As general election approaches, young people back calls for greater focus on children’s issues

Young people share their views and call for stronger action on priority issues for children

Gemma Parkin
A teacher guides a student using a tablet
04 August 2022

Poll results first appeared in the Daily Nation on August 4, 2022.

Ahead of the Kenya General Election on 9 August 2022, young people have shared their views and called for stronger action on five priority issues for children. Over 42,000 people – 86% of them aged between 15 and 30 – responded to the Yunitok opinion polls, which uses SMS text messaging to reach a wide audience. The polls ran from June to July 2022, and covered: enhancing education, primary health care, social protection, ending violence against children, and climate change.

On enhancing education, 93% of respondents to the Yunitok poll believed that the Internet was ‘very’ or ‘somewhat’ important for doing well at school. Almost 40% of respondents believed that connecting schools to the Internet was the most urgent thing to address, with another 33% calling for teacher training to be prioritised. However, Internet connection in schools remains a challenge. Less than half (40%) of parents polls confirmed that their children had access to Internet at school. Respondents also lacked confidence in their online skills, with less than a quarter of children and young people (24%) considering their ability to use the Internet to be ‘excellent’. Overall, girls were less confident than boys. Internet connection in schools is seen by UNICEF as an important way to give children the digital skills they need for the future workplace.

On primary health care, the highest percentage of respondents (45%) correctly realised that the majority of children’s health needs (90%) can be delivered locally. Almost 60% of people surveyed confirmed that they had a health centre, hospital or dispensary close to where they live. However, many families struggle with costs. Among respondents, 86% had struggled to pay for a medical service either for themselves or a family member. The majority of people surveyed (54%) wanted to prioritise free health insurance, with another 30% calling for an increase in overall health funding. According to UNICEF, primary and community health care help prevent ill health and deliver better care for children at a lower cost, with a return on investment close to 10 to one.

On social protection, there was clear support for expanding cash transfers, with 44% of respondents citing monthly cash transfers as a ‘very effective’ way to reduce poverty, followed by 35% saying ‘somewhat effective’. Almost two thirds of young people (64%) said that food was the biggest financial burden for poor families and a similar proportion (67%) that counties were ‘very’ or ‘somewhat’ important in providing for poor families. Yet the expectations on social protection spending far outweighed the reality. Almost half (46%) of respondents thought the Government spent 10% or more of the national budget on social protection. This actually accounts for just 1.5% of national spending, below many other lower-middle income countries. In Kenya, 13 million children need such assistance but just 7.5% of these are receiving it. According to UNICEF, cash transfers are one of the most effective ways of reducing poverty.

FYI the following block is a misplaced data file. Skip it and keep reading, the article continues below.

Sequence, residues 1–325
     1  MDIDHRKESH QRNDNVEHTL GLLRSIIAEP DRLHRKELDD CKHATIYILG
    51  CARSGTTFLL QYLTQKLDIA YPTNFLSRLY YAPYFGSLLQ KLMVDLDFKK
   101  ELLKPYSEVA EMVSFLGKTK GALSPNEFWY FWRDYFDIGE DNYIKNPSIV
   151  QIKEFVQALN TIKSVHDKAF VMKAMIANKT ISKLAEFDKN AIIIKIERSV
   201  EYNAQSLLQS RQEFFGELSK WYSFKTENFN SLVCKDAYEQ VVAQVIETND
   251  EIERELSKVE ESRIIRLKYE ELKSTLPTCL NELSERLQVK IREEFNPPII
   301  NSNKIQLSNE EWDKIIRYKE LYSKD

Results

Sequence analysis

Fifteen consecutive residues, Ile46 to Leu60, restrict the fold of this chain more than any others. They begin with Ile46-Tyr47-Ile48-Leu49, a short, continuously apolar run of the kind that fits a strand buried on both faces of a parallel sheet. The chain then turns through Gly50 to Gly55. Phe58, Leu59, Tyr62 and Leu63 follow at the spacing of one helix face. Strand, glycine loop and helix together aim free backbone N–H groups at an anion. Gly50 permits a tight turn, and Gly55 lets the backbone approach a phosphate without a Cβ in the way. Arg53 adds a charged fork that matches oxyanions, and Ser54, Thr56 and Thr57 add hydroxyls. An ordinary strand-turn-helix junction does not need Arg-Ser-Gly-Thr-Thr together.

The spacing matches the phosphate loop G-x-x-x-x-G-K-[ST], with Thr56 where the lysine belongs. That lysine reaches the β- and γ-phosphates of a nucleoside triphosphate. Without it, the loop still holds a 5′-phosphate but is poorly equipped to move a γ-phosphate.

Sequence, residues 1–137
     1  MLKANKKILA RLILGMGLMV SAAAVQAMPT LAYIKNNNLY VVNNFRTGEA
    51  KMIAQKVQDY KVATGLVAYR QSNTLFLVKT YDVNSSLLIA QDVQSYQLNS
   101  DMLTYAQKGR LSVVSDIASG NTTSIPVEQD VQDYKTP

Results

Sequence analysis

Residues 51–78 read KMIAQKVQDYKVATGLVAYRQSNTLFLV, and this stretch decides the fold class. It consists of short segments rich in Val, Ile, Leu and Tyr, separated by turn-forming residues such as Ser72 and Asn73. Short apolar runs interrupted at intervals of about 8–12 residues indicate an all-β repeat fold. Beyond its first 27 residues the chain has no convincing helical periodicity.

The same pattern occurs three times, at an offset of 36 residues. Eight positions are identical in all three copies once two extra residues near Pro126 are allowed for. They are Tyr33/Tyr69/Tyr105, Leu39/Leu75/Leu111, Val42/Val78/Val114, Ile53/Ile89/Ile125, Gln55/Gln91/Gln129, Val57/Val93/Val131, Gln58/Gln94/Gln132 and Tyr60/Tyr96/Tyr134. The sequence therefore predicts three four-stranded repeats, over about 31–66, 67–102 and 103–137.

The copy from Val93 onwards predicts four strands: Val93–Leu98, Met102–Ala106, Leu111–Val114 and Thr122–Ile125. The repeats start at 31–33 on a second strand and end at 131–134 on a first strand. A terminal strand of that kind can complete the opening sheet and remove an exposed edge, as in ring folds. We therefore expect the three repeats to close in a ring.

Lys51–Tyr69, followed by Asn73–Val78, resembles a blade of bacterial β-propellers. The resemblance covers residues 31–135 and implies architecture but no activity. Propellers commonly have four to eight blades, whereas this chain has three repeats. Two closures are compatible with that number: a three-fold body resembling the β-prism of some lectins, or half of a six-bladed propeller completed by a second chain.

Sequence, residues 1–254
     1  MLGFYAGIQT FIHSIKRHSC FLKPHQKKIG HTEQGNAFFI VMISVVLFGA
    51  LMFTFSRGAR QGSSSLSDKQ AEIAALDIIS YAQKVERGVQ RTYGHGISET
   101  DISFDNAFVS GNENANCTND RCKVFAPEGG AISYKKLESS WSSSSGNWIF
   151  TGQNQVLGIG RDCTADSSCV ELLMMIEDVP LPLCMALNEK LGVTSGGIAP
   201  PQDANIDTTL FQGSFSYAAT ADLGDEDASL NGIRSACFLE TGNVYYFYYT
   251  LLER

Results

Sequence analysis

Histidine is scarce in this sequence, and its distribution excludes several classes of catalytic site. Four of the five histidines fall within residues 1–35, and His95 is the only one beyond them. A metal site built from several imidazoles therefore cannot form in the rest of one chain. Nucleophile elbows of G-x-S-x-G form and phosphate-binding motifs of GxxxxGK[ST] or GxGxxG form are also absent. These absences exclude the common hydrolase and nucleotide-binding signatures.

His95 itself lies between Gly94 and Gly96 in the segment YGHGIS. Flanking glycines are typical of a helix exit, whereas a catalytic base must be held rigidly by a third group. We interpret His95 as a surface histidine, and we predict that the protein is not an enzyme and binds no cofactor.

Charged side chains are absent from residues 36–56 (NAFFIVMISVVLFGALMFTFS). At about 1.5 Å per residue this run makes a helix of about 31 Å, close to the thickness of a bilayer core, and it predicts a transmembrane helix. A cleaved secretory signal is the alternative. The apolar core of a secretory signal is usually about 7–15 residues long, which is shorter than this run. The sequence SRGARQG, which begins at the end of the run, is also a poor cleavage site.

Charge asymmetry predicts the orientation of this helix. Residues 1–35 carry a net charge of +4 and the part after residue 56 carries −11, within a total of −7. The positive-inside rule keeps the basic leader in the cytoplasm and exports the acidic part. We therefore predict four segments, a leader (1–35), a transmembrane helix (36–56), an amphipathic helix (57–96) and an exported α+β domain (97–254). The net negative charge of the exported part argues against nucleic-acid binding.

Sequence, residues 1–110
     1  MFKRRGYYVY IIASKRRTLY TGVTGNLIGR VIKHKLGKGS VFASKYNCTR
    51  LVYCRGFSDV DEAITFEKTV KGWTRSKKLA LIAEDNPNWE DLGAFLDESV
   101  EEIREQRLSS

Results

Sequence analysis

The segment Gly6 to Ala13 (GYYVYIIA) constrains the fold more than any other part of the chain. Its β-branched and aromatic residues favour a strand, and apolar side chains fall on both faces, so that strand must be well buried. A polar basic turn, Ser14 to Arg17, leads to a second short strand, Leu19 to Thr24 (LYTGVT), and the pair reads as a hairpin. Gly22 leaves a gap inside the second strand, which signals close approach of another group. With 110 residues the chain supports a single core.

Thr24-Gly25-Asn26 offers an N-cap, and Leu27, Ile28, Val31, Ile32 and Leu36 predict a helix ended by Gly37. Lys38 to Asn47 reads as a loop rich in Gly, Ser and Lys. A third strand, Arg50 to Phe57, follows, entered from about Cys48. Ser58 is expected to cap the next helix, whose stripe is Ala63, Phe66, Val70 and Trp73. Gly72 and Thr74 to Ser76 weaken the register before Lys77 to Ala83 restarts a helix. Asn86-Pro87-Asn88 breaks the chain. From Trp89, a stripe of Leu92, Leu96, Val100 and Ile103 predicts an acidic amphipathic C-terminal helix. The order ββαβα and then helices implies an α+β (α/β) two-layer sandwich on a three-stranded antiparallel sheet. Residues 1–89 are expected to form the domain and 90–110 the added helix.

On ending violence against children, the Yunitok poll indicates that young people have a high perception of risk, with 40% of respondents believing that 60% of children in Kenya face violence. In fact, the correct figure is 51% of children, as identified by 26% of respondents. Most young people (84%) understood that violence is an issue perpetrated in or close to home. The perception of risk was higher for girls and young women than for boys and men, a gender disparity that is also reflected in demand for services. The majority of respondents (65%) called for greater public awareness and education of parents and children on ending violence.

Climate change is one of the top issues raised by children and young people. On this subject, 24% of respondents correctly identified that Kenya ranks 49thout of 163 countries globally, in terms of the risks of climate change to children. The highest percentage, 25%, thought this was even higher at 24th out of 163. Over 78% of respondents reported that wind and solar power were being used in their communities, although only 43% used it themselves. In terms of solutions, the highest percentage (37%) called for better Government policies on climate change.

“These opinion poll results show that a majority of young people – including young voters – back calls for the next Government of Kenya to prioritise children’s issues,” UNICEF Chief of Communication, Advocacy and Partnerships Andrew Brown said. “We are pleased to see that a number of political parties have also included the same issues in their manifestos. UNICEF will be ready to support the next Government of Kenya to implement the pledges made for children, including on the early years, enhancing education, primary health care, social protection, ending violence and climate change.”

For the full opinion poll results, or to sign up to Yunitok, visit: